A key to eClosing: the developing case of the SECURE Act
Recently, we reported that the House passed the SECURE Notarization Act of 2023, which is a bipartisan bill leading the charge to modernize the notarization process with remote online notarization (RON). The bill has been introduced multiple times in the House of Representatives and finally passed in late February; now, it’s arrived in the Senate and is with the Senate Judiciary Committee after two official readings.
The passage of the bill in the House is a positive development as it recognizes the need for making notarization-dependent processes, like eClosing and other real estate transactions, more accessible and convenient for all.
Clearing The Path To eClosing
One of the key ways the bill can achieve convenience for all is by solidifying the way forward for complete eClosing processes in any state in the U.S., which can significantly reduce the time and costs involved in loan closings.
Since RON allows for remote capture of one of the final legal requirements for a smooth closing—the notarial official’s seal on key documents—a federal law establishing rules around RON could pave the way to a future with fewer state-based obstructions to a digital closing process. And the benefits of a Total eClose are clear: loans close faster with fewer mistakes, and costs go down even as business improves for lenders, loan officers (LOs) and notaries.
However, the fact that the bill has stalled out before, despite its current status as under review by the Senate Judiciary committee, is cause for concern for all proponents of digital adoption. The bill needs to be passed by both the House and the Senate before it can become law, and any obstacle in the process only delays clarification of nationwide rules on RON. The Senate Judiciary committee needs to carefully consider the bill and its implications for the real estate industry—including its implications as a final step in pursuit of complete end-to-end eClosings.
The Steps Before RON: Hybrid eClosings & eNotes
While the bill implicitly clears the way for increased use of eClosings, it also draws attention to the fact that RON and digital notarization are only one aspect of closing digitization (albeit an important aspect). The solution for lenders anxiously awaiting passage of this bill? Hybrid eClosings.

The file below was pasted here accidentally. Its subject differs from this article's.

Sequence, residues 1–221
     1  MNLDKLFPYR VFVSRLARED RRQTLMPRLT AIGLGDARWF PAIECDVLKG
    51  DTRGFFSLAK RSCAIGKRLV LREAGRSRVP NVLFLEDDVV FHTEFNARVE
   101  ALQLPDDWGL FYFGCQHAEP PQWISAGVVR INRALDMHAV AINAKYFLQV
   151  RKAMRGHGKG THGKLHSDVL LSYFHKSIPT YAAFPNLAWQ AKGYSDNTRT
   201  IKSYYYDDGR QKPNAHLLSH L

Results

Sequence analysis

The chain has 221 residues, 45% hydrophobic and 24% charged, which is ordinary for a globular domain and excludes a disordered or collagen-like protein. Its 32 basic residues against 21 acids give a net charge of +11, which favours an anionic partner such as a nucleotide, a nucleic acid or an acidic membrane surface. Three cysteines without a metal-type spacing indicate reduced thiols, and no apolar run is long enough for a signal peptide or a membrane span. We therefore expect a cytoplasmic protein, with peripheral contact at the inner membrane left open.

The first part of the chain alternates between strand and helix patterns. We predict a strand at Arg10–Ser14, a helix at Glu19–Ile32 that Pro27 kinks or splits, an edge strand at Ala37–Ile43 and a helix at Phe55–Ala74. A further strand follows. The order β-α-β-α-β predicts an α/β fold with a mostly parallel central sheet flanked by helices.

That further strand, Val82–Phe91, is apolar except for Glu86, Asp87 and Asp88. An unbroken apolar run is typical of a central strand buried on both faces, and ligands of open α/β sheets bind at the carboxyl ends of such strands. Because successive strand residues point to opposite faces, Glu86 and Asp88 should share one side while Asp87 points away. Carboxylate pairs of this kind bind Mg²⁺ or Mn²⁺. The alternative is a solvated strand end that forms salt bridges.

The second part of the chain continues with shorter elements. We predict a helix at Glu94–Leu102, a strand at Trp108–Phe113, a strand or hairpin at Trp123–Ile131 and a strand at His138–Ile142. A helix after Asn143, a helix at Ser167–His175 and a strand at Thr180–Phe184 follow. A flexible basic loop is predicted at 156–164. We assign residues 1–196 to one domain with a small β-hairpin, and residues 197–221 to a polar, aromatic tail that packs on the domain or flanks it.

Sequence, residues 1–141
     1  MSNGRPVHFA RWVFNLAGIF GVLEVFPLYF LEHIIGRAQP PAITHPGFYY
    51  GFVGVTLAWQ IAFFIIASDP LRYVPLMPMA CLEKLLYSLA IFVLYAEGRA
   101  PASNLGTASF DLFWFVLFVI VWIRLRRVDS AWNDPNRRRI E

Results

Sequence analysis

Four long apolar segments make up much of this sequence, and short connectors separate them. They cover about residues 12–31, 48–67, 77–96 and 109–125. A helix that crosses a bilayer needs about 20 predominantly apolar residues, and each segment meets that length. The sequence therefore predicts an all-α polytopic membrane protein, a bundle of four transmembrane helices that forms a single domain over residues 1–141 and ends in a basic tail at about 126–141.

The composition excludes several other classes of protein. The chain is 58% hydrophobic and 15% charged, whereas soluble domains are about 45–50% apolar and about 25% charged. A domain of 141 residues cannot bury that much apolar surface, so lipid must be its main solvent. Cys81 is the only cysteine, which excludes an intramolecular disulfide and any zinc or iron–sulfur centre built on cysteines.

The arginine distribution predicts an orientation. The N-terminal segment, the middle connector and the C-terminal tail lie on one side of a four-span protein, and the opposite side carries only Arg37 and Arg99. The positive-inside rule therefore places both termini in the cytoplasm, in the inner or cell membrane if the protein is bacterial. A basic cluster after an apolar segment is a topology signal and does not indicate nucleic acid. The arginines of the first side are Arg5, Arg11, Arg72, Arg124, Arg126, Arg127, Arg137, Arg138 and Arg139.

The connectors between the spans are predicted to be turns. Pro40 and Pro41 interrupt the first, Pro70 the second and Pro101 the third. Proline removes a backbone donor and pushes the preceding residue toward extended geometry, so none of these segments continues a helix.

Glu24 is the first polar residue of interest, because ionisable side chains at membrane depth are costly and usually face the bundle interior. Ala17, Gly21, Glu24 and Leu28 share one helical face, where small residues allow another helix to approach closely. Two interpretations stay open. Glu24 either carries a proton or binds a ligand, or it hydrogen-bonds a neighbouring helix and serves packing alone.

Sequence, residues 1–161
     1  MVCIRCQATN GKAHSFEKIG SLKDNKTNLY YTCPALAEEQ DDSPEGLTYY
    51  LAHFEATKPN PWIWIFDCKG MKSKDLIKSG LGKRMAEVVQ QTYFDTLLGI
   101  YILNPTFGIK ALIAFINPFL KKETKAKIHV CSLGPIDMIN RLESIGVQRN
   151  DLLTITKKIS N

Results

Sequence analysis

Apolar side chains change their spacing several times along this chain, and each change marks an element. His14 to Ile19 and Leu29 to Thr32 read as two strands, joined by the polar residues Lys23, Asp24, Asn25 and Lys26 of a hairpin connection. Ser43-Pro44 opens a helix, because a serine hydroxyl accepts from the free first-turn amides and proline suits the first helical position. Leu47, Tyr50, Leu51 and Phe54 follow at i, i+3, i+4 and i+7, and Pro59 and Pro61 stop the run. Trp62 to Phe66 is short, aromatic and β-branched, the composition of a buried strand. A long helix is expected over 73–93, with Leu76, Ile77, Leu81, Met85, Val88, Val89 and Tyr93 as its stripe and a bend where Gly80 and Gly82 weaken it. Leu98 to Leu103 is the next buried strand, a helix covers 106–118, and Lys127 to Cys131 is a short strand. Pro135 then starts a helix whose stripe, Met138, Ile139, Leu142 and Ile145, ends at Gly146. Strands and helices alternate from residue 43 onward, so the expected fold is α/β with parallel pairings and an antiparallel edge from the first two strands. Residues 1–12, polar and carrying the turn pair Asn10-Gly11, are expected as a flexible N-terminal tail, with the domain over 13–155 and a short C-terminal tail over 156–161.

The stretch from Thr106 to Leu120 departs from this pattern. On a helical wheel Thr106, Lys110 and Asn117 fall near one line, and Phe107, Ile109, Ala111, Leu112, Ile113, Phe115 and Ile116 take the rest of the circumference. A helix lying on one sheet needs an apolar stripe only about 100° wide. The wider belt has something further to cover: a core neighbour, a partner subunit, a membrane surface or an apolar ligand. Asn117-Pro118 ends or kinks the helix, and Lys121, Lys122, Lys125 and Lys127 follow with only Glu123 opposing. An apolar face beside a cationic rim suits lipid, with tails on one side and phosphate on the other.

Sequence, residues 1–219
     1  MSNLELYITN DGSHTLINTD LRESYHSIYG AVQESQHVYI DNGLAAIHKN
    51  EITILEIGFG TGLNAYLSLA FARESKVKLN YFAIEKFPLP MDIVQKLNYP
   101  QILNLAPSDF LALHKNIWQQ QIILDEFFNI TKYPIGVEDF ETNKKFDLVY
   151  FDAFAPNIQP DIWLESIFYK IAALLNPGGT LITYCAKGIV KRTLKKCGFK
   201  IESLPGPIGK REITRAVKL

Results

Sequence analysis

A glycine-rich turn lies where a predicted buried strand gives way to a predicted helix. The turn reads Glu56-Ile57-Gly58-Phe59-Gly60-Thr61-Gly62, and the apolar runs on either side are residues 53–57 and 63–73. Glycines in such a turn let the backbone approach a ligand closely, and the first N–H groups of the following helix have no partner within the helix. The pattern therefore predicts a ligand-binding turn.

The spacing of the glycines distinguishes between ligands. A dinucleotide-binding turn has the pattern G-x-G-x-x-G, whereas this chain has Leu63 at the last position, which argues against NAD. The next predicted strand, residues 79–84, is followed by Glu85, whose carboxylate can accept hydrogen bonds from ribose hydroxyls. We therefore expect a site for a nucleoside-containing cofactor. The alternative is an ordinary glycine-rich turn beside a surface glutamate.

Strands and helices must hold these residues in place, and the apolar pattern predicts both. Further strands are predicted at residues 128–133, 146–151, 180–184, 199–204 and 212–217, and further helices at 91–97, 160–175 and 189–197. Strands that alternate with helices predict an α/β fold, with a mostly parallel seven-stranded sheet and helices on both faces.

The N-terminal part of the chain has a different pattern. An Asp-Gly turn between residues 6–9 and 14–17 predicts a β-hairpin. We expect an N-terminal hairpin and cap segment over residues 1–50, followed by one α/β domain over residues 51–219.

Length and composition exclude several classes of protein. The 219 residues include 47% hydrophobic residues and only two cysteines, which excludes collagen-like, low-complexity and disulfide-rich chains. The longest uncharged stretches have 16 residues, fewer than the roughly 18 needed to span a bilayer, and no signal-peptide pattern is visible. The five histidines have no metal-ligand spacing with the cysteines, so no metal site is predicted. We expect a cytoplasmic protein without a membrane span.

Some parts of the lending industry still require paper—in fact, to complete a closing and sell the note to an investor, some lenders are required to paper out two document classifications: the note and anything requiring recordation and notarization. Aside from these essential documents, though, lenders may move toward a more efficient closing by generating electronic (e-enabled) documents for everything else, from the initial disclosure to the closing package. This can be achieved with the use of a software solution built for document generation of e-enabled, eSign-capable digital documents.
Want to discuss what a hybrid eClosing would look like for your organization? Schedule a demo and get your questions answered.
Once lenders have integrated a hybrid eClosing, they can take advantage of the next step in eClosing: eNotes, which are electronic versions of promissory notes. These eNotes are legally enforceable and can be transferred and sold much more easily than traditional paper-based notes, helping to increase liquidity in the market and provide greater flexibility for lenders.
Digital Adoption And Advancement
The SECURE Act is particularly important for lenders who have been seeking to increase their digital adoption in recent years. By allowing for RON and electronic signatures, the SECURE Act makes it easier for lenders and other entities to conduct business in a digital environment. This can help to increase efficiency and reduce costs, ultimately benefiting consumers as well.
Overall, the SECURE Notarization Act of 2023 represents a significant step forward in the modernization of the notarization process. At DocMagic, we’re watching this bill’s progress with excitement and anticipation, and we’ll report any updates here on our blog. Ultimately, we believe the Senate’s passage of the SECURE Act will benefit both lenders and consumers, making notarization faster, more efficient and more convenient.
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